This post is part of CoinDesk’s 2019 Year in Review, a collection of 100 op-eds, interviews and takes on the state of blockchain and the world. Dr. Alex Cahana is head of healthcare and blockchain consulting at Genesis Block.
At the end of 2018, while awakening from the Crypto Winter, a group of noted healthcare professionals led by Mayo Clinic’s John Halamka predicted that 2019 would be a pivotal year for blockchain in the healthcare industry. They said blockchain would become an essential part of consent management, improve remittances and enhance the monetization of personal data. It would tokenize non-cash assets, like patient outcomes, as an incentive to improve health.
How much of this agenda was actually realized? The answer is some, but not all. We have seen blockchain deployments in supply chains and for physician credentialing, but not yet implemented as an architecture of electronic health records intended to transform them into self-sovereign, patient-driven digital assets.
Why is that, or more fundamentally, why use blockchain in healthcare at all?
Healthcare is problematic all over the world. From a patient point of view, healthcare is not always readily accessible and in many cases too expensive. From a healthcare professional’s perspective, there is too much paperwork. For hospital executives, unchecked job growth rate has not translated into better patient outcomes. The future of pharma and digital therapies is fraught with uncertainty. And even insurance brokers have experienced reduced or eliminated commissions on the sale of individual health plans.
At least, we can all agree that the healthcare ecosystem is a multi-stakeholder, mal-aligned, friction-full, opaque, heavily-regulated, lacking-of-trust, data-rich environment. From there, we can agree on the need for new responses and approaches, including the use of blockchain. It turns out that blockchain-based platforms are ideal for dealing with the characteristics that plague healthcare.
Robert Miller, of ConsenSys Health, produced an excellent report this summer summarizing major trends in the blockchain health space. These include the formation of major new business networks around healthcare use-cases, greater VC funding, and as already mentioned, the use of blockchain for credentialing.
This year, half a dozen consortias (like IBM’s Health Utility Network [HUN], Coalesce Health Alliance and MELLODY) announced projects to exchange healthcare and life science data on using permissioned distributed ledgers. That’s a big deal. Together, these consortia touch the lives of millions of customers (HUN covers 80 million beneficiaries) in a multi-billion dollar market (MELLODY includes pharma companies with a collective value of more than $300 billion).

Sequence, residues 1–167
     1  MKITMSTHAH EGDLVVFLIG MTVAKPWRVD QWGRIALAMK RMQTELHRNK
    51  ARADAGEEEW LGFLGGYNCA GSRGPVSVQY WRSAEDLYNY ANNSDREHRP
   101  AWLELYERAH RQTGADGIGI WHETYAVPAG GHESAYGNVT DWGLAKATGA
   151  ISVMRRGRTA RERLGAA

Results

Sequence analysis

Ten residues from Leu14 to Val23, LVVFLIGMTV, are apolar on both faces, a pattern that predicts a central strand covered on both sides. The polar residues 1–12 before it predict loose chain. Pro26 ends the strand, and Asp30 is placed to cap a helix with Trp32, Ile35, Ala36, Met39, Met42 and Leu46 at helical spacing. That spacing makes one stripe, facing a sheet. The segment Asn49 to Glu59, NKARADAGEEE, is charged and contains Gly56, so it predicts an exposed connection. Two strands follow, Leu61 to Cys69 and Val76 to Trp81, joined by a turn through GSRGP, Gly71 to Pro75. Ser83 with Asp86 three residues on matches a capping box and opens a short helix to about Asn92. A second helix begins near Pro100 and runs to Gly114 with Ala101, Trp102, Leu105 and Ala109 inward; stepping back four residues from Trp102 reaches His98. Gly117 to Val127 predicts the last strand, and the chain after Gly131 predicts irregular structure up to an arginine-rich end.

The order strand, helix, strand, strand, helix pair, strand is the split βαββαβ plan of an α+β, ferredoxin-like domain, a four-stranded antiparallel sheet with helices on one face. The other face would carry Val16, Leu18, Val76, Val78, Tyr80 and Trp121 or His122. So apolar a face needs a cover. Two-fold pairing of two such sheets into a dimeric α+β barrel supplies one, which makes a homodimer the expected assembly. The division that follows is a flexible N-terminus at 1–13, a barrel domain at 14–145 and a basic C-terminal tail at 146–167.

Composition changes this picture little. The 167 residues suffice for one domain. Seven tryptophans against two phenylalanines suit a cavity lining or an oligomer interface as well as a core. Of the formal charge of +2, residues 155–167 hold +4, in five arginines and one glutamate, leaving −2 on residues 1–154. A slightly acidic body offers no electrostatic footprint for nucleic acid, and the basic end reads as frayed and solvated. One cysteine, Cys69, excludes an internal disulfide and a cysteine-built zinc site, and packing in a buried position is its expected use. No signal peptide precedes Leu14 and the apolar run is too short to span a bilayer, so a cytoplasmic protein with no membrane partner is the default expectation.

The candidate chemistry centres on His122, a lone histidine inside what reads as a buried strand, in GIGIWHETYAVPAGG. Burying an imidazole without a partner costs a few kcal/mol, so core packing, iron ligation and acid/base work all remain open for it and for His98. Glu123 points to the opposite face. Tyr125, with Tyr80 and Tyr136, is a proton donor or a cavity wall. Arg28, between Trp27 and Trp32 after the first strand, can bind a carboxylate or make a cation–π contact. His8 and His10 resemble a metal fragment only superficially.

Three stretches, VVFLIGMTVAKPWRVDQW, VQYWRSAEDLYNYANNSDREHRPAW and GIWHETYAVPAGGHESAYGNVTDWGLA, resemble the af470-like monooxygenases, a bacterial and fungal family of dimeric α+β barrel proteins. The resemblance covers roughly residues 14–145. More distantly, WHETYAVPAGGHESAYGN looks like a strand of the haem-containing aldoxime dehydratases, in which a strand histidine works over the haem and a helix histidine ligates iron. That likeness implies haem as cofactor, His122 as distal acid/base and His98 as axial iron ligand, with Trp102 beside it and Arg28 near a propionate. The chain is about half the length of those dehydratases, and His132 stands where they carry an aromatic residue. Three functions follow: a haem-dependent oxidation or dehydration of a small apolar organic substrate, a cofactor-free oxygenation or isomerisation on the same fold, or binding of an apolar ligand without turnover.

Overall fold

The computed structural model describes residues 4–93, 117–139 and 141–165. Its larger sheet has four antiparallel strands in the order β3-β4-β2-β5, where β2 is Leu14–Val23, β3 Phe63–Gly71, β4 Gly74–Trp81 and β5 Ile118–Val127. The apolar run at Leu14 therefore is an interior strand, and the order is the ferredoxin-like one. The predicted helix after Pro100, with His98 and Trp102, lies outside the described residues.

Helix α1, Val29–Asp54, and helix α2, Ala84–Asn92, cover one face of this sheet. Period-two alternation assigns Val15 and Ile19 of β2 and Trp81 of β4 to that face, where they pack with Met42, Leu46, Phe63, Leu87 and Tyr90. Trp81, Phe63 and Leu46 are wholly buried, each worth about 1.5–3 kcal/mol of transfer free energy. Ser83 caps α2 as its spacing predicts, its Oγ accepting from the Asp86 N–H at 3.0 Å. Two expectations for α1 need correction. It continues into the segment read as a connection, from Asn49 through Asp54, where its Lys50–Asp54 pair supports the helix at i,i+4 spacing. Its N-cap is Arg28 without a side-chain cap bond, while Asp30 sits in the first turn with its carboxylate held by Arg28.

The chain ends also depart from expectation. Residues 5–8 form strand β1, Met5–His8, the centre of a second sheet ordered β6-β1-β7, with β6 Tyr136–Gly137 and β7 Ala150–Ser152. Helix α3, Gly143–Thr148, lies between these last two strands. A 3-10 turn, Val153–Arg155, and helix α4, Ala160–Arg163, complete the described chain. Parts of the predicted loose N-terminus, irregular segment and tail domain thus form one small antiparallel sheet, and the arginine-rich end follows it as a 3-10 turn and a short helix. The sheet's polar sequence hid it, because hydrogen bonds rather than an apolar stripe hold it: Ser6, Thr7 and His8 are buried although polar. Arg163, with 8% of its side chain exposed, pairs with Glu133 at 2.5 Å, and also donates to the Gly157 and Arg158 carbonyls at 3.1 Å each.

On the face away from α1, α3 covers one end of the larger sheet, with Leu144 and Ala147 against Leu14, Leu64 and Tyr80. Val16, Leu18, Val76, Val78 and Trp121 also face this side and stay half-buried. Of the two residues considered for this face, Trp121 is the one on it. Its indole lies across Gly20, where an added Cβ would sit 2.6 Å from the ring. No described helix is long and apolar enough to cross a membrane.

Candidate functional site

Venture capital flows have actually slowed, reaching $25M in VC funding this year ($16M of them for Chronicled). This amount is still lower than the $100M-plus raised in 2018 and represents a ridiculously miniscule fraction of the $6B VC funding for non-blockchain digital health projects. As for STOs, the nearly $1B raise in 124 deals included only seven healthcare projects (like Healthbank, Healthereum, Verseon and Agenus), with no significant reported raises.
Supply chain applications and physician credentialing are the most common use-cases in healthcare blockchain. The Drug Supply Chain Security Act (DSCSA) of 2013, which mandated the creation of an electronic, interoperable system that can trace and identify distributed prescription drugs, catalyzed the development of a few large scale blockchain-based platforms (like IDLogiq, MediLedger, Rymedi and TraceLink).
As for physician credentialing, we’ve seen a multitude of DLT credentialing solutions emerge (like ProCredX developed by HashedHealth, Blockcerts used by the Federation of State Medical Boards, IntivaHealth that maintains records for continuing education and Truu, used by the UK National Health System). But currently these solutions (except Truu) are exclusively business-to-business and do not address the problem of physician identity or improve professional mobility.
So what can we expect in 2020?